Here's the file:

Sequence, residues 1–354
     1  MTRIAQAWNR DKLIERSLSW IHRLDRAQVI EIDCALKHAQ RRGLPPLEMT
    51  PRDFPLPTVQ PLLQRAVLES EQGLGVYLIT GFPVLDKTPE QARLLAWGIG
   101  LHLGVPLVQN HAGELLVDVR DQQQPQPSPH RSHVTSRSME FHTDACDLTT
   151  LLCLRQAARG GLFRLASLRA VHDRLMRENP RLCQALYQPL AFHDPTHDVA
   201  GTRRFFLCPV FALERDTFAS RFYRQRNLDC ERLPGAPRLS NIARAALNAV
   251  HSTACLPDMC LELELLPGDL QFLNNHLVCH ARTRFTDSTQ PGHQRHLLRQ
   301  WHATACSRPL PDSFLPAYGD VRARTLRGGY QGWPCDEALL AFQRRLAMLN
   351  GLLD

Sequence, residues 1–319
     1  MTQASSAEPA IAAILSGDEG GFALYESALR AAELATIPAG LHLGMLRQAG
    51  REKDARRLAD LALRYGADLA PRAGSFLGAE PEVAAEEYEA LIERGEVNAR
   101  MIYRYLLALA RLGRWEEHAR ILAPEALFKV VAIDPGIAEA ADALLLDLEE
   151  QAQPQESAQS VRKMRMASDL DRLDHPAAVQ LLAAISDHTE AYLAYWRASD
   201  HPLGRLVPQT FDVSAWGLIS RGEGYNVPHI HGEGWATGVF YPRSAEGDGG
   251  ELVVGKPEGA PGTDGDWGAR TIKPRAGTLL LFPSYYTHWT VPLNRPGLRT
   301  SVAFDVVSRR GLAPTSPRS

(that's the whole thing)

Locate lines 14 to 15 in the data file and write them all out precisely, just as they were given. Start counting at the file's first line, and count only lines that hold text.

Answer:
   151  QAQPQESAQS VRKMRMASDL DRLDHPAAVQ LLAAISDHTE AYLAYWRASD
   201  HPLGRLVPQT FDVSAWGLIS RGEGYNVPHI HGEGWATGVF YPRSAEGDGG